Maturing Primus is about more than good, dumb fun
Something strange is going on with Primus: on its latest release, Green Naugahyde, the band best known for cartoonish funk hoedown “Wynona’s Big Brown Beaver” sounds almost serious.
Almost, that is. “Lee Van Cleef”, bassist and singer Les Claypool’s rubbery ode to the moustachioed action hero, is just good, dumb fun. But it’s nearly the lone moment of unleavened levity on a record that’s otherwise full of, um, ideas. On “Last Salmon Man”, “Eternal Consumption Engine”, and “Moron TV”, for instance, Claypool’s message is clear: American society is eating and amusing itself to death.
Larry “Ler” LaLonde, Primus’s guitarist since 1989, admits to missing some of his band’s earlier irreverence.
“I’m sure Les looks back at some of those older songs and they seem like they were written by a 20-year-old,” he says, checking in from a Flagstaff, Arizona, tour stop. “Twenty years later, he’s probably gotten a little more sophisticated in his writing and storytelling—even though I like the songs from 20 years ago. I still try to convince him that he did know what he was doing.”
Still, he shares most of his bandmate’s latter-day concerns. “The ‘Consumption Engine’ song is sort of like the idea that we want all this crap and we want it cheap, but what’s the price?” he explains. “Especially now that no one’s going to be able to afford even the cheap crap, because the means of getting the stuff cheap is by giving away our jobs and giving away a big hunk of what our society’s built on.”
“Moron TV”, he continues, is similarly about giving yourself over to something worthless. “You get sucked into these things, and then you realize, if you stop and think about it, it’s almost like a weird drug that you get caught up in. You get your moment of clarity, and you’re like ‘Oh my god, what am I doing? I’m never going to get those minutes back.’ ”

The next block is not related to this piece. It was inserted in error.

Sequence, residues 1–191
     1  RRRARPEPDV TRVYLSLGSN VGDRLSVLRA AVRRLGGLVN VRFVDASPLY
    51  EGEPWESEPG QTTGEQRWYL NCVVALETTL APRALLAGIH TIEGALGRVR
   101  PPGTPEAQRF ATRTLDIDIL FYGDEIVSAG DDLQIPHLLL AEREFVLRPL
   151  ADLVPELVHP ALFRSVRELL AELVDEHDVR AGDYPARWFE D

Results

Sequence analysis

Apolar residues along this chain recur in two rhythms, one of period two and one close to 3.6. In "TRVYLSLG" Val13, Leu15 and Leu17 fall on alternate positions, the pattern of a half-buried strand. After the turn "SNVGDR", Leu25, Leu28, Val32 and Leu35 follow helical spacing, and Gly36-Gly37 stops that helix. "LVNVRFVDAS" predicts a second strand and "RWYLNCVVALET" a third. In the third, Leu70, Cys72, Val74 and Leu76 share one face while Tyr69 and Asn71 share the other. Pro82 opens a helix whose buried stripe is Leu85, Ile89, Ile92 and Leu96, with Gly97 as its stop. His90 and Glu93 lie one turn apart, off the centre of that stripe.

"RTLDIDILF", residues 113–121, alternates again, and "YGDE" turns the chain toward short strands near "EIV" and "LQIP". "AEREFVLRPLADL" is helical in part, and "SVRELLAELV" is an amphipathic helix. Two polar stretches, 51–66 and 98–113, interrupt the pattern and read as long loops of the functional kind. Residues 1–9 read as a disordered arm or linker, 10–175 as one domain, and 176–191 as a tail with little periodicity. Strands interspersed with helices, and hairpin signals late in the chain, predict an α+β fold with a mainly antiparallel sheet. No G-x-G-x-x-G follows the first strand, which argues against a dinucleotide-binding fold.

Don’t expect finger-pointing when Primus comes to town this Friday, however. The band’s newfound sense of socio-political purpose has been accompanied by a musical renewal as well: when former member Jay Lane returned to the drum chair in 2010, the influx of energy was immediate.
“He’s the greatest, on and off the stage,” LaLonde says. “He’s happy to be on tour, he’s happy to be playing music, and you’ve got to tear him away from his drums. So he’s a great guy to have in a band.”
It’s worth noting, too, that Lane has been honing his chops with former Grateful Dead members Phil Lesh and Bob Weir, giving Primus an even more tangible connection to the Bay Area’s long-standing tradition of rock ’n’ roll experimentation
“Growing up there, I thought every city was like that—but, eventually, I realized that it wasn’t that way,” says San Francisco native LaLonde, citing Joe Satriani—his former teacher—and Jerry Garcia as crucial influences. “If you’re a guitar player from there, you kind of get this sense that ‘Oh, I can do whatever I want, and there’s an audience for it.’ ”
“Then you go to Sacramento and find out that’s not true.”
Primus plays the Orpheum on Friday (June 15).